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Wednesday, December 17, 2008

Gley soil,hydric soil,boulder clay

Gley soil in soil science is a type of hydric soil which exhibits a greenish-blue-grey soil color due to wetland conditions. On exposure to the air, gley colors are transformed to a mottled pattern of reddish, yellow or orange patches. During gley soil formation (a process known as Gleying), the oxygen supply in the soil profile is restricted due to soil moisture at saturation. Anaerobic micro-organisms support cellular respiration by using alternatives to free oxygen as electron acceptors. This is most often the case when the sesquioxide of iron, ferric oxide is reduced to ferrous oxide by the removal of oxygen. These reduced mineral compounds produce the gley soil color.

Gley soils may be sticky and hard to work, especially where the gleying is caused by surface water, held up on a slowly permeable layer. However, some ground-water gley soils have permeable lower horizons, including some sands, for example in hollows within sand dune systems, known as slacks, and in some alluvial situations.

Groundwater gley soils develop where drainage is poor because the water table (phreatic surface) is high, whilst Surface-water gleying occurs when precipitation inputs at the surface do not drain freely through the ground. A reducing environment exists in the saturated layers, which become mottled greyish-blue or brown because of the content of ferrous iron and organic matter. The presence of reddish or orange mottles indicates localised re-oxidation of ferrous salts in the soil matrix, and is often associated with root channels, animal burrows or cracking of the soil material during dry spells.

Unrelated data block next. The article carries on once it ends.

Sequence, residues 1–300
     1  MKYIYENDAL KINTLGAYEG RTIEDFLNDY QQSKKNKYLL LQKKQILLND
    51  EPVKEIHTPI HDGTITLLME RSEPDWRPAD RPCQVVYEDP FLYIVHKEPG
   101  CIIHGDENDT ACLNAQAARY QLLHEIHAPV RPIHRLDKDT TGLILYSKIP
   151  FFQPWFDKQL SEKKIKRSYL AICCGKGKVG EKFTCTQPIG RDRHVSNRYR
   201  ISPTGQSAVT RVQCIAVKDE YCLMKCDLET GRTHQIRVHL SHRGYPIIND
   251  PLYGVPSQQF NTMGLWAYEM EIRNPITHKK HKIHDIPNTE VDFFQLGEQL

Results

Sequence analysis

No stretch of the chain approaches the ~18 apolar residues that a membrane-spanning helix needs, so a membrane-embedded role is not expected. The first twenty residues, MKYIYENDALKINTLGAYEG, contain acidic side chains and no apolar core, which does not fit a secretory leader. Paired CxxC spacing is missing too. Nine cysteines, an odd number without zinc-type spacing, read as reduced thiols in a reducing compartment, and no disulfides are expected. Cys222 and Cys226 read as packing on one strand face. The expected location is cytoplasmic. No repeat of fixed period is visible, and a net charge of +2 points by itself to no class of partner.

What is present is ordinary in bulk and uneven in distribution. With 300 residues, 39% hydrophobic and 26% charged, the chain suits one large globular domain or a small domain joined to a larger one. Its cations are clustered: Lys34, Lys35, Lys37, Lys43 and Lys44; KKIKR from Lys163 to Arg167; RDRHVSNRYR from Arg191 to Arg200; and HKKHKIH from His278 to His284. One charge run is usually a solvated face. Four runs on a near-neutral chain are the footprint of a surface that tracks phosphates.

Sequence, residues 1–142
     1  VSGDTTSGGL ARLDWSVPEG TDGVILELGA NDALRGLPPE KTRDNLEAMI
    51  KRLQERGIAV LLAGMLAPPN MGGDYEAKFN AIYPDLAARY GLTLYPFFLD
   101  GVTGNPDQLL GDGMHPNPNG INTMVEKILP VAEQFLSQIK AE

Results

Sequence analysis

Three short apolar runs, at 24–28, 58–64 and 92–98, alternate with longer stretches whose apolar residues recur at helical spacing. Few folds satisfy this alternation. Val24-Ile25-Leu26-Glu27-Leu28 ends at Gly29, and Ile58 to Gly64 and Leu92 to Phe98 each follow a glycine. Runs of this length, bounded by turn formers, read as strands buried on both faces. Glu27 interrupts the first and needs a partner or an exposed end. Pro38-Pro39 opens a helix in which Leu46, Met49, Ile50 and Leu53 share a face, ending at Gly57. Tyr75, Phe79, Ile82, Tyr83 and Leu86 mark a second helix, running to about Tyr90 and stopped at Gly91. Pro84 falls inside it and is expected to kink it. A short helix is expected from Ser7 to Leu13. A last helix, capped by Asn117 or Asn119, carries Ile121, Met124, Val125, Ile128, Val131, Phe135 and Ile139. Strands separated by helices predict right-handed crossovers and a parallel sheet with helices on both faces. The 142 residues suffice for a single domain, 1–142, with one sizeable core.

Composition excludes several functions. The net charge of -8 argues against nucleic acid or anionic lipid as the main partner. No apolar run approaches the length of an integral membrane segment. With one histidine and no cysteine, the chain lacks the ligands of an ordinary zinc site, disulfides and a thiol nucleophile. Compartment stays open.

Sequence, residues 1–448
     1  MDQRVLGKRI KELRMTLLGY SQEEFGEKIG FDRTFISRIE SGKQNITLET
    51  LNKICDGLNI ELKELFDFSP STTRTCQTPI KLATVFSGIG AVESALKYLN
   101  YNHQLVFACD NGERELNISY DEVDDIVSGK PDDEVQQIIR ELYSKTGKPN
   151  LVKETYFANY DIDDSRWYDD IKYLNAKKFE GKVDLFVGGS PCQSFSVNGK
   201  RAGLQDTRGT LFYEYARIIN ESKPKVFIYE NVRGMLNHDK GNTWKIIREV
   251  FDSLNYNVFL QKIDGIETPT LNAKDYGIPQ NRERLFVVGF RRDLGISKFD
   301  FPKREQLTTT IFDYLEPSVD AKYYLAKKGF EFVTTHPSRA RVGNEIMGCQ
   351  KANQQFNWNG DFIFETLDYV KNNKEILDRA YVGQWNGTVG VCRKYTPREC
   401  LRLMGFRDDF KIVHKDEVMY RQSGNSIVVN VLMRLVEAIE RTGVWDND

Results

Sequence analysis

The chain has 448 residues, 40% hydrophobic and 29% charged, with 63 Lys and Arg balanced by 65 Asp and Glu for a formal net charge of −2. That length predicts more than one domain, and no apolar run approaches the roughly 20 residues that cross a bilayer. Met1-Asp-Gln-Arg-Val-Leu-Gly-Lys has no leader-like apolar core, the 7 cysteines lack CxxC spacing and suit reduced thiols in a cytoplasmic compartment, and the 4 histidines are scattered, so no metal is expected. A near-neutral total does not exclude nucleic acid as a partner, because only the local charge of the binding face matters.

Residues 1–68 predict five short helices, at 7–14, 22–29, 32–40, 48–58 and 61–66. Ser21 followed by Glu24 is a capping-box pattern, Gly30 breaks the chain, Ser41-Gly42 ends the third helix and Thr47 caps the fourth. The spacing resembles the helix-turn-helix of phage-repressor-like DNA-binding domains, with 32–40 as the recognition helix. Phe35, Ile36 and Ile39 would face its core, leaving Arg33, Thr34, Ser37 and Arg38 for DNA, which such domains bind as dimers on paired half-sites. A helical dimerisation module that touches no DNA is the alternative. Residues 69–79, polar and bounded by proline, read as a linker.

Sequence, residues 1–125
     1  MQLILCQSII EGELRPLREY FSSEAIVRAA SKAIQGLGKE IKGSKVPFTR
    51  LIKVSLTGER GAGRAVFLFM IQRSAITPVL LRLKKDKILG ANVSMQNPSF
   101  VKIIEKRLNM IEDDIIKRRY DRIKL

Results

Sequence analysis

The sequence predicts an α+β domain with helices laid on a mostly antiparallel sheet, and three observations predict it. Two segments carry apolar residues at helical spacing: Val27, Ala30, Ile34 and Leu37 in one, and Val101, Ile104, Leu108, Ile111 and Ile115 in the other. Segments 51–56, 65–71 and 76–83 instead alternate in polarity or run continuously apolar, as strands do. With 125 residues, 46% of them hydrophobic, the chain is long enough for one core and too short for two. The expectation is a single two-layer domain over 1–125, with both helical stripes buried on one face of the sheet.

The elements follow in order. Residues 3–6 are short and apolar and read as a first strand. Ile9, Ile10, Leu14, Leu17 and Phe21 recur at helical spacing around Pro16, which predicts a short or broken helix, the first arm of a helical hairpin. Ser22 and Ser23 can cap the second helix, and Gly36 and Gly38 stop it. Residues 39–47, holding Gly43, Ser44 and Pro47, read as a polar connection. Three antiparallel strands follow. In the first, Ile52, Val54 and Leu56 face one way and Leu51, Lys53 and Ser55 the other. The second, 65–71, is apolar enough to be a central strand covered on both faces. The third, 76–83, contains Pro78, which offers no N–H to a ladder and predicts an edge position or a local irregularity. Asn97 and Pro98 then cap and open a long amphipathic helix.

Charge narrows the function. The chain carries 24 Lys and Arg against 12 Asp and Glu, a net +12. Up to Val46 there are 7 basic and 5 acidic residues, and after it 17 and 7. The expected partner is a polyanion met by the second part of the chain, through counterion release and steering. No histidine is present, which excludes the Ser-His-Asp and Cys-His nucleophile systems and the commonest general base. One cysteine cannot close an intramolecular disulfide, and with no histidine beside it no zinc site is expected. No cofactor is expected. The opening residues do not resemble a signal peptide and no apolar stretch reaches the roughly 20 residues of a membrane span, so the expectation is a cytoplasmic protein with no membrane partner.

A stagnohumic gley soil in a forest plantation in mid-Wales, U.K. The organic-rich topsoil is over a grey and orange mottled subsoil developed in glacial till ("boulder clay")

Most soil classifications divide the gley soils into surface-water gleys (also known as stagnogleys) and gleys proper, or groundwater gleys, the former having a slowly pemeable lower subsoil, leading to a "perched" water table, the latter being in low ground or basin situations where the natural groundwater table is constantly high enough to influence the soil profile.

It is also a cheap alternative to clay.

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